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Richard, Attorney
Category: Legal
Satisfied Customers: 55459
Experience:  Attorney with 29 years of experience.
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A professional trustee, ( Massachusetts, Family Real Estate

Customer Question

A professional trustee, ( Massachusetts, Family Real Estate Trust) two months after being named by the beneficiaries to replace our father who is now incapacitated is seeking to limit her personal liability for any actions taken, suggested or omitted in good faith.
1. Can she do this and if so what should be the proper contract language?
2. Is it retroactive or from the date signed forward?
Other considerations?
Submitted: 1 year ago.
Category: Legal
Expert:  Richard replied 1 year ago.

Good morning. My name is ***** ***** I look forward to helping you.

This is not an unreasonable request by a professional trustee and even if she didn't get this in her agreement, it's not likely she would be held liable for actions taken, suggested or omitted in good faith. What would create problems for her would be actions relating to negligence, gross negligence, and/or willful misconduct. As long as the contract language excludes limiting her liability where negligence, gross negligence and/or willful misconduct is involved, you really won't have any problem agreeing to this because it's not likely she would be liable anyway. Accordingly, although you can insist that it not be retroactive but only going forward, as long as you get the foregoing exclusions, it really won't make much difference. Any professional trustee is going to want similar protection.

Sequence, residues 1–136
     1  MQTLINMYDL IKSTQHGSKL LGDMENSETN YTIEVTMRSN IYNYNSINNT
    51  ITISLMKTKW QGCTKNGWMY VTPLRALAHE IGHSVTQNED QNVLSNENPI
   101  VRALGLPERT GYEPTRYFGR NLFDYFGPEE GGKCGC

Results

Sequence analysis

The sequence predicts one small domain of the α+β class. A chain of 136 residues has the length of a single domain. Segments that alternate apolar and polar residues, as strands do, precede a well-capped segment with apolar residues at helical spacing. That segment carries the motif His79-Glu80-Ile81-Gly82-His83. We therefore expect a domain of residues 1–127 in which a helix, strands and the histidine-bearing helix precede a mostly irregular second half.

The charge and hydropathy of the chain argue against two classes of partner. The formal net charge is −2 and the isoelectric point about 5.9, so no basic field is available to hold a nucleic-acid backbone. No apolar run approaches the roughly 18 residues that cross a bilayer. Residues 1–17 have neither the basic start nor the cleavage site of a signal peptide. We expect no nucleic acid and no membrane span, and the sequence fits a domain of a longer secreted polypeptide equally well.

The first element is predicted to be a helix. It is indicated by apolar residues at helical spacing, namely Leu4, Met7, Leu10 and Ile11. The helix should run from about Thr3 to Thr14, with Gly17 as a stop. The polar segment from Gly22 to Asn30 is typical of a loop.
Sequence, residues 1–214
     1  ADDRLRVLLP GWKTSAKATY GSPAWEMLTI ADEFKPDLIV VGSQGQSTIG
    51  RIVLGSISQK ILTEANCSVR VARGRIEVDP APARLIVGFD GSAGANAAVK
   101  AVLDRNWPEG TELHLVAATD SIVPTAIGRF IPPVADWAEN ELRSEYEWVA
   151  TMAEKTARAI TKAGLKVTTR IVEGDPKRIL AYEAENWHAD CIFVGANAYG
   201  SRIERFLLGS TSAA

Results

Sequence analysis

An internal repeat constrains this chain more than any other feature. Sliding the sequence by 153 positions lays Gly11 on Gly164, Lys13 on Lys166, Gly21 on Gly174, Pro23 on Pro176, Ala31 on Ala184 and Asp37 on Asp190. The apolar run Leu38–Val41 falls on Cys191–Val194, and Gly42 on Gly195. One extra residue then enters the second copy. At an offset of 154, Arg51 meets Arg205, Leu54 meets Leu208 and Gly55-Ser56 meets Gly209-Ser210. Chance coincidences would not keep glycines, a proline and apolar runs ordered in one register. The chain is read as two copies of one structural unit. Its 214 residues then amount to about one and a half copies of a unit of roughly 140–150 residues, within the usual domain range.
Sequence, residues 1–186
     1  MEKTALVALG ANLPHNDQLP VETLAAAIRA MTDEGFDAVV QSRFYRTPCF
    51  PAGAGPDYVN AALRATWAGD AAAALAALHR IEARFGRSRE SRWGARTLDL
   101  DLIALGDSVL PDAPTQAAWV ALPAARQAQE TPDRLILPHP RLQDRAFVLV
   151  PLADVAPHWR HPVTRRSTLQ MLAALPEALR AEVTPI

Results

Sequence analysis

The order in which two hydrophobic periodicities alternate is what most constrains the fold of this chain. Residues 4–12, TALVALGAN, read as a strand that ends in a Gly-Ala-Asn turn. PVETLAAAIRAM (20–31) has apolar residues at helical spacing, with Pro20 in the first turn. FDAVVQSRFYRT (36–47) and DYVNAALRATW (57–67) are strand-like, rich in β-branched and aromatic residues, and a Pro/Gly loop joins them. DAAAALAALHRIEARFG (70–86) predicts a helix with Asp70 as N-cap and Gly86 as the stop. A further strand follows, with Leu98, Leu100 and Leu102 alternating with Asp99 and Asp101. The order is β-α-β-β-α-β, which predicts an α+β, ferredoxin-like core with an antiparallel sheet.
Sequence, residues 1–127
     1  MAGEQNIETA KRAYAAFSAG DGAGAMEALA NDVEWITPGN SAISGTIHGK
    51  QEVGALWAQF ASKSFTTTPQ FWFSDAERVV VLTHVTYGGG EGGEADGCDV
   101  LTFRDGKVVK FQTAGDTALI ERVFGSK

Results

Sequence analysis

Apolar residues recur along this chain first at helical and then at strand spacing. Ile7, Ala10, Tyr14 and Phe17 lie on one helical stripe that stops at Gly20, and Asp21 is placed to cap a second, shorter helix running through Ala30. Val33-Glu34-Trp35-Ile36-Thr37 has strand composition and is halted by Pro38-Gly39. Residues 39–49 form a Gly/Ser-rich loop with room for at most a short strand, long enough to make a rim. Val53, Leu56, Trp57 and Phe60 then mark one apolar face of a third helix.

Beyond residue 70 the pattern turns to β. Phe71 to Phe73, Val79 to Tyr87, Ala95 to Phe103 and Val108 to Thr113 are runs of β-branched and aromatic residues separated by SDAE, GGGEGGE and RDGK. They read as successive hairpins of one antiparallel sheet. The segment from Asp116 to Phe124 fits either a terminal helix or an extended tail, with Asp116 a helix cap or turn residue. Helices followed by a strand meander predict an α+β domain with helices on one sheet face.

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Customer: replied 1 year ago.

What is the difference between negligence and gross negligence?

Expert:  Richard replied 1 year ago.

Thanks for following up. Negligence is simply a careless mistake. Gross negligence is more of a "conscious and voluntary disregard of the need to use reasonable care." It involves actions that are wilfull, wanton and reckless.